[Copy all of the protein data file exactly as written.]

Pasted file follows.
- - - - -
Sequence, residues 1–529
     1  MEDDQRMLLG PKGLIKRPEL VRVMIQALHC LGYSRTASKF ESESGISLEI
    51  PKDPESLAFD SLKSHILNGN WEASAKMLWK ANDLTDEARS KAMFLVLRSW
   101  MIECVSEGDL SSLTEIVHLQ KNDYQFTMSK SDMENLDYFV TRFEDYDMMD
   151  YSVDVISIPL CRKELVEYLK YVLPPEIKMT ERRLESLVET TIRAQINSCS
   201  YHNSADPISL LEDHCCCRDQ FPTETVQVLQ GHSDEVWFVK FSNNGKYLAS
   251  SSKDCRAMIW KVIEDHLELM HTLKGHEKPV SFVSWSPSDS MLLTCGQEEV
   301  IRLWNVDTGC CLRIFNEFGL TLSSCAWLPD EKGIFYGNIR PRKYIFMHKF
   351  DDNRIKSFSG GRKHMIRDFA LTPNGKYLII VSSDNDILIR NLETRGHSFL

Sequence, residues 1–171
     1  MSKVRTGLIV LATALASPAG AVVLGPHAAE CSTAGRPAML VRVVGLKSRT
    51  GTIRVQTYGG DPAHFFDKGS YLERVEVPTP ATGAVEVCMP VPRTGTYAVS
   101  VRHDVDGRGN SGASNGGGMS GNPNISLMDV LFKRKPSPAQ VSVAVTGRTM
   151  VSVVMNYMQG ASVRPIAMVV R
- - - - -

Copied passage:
Sequence, residues 1–529
     1  MEDDQRMLLG PKGLIKRPEL VRVMIQALHC LGYSRTASKF ESESGISLEI
    51  PKDPESLAFD SLKSHILNGN WEASAKMLWK ANDLTDEARS KAMFLVLRSW
   101  MIECVSEGDL SSLTEIVHLQ KNDYQFTMSK SDMENLDYFV TRFEDYDMMD
   151  YSVDVISIPL CRKELVEYLK YVLPPEIKMT ERRLESLVET TIRAQINSCS
   201  YHNSADPISL LEDHCCCRDQ FPTETVQVLQ GHSDEVWFVK FSNNGKYLAS
   251  SSKDCRAMIW KVIEDHLELM HTLKGHEKPV SFVSWSPSDS MLLTCGQEEV
   301  IRLWNVDTGC CLRIFNEFGL TLSSCAWLPD EKGIFYGNIR PRKYIFMHKF
   351  DDNRIKSFSG GRKHMIRDFA LTPNGKYLII VSSDNDILIR NLETRGHSFL

Sequence, residues 1–171
     1  MSKVRTGLIV LATALASPAG AVVLGPHAAE CSTAGRPAML VRVVGLKSRT
    51  GTIRVQTYGG DPAHFFDKGS YLERVEVPTP ATGAVEVCMP VPRTGTYAVS
   101  VRHDVDGRGN SGASNGGGMS GNPNISLMDV LFKRKPSPAQ VSVAVTGRTM
   151  VSVVMNYMQG ASVRPIAMVV R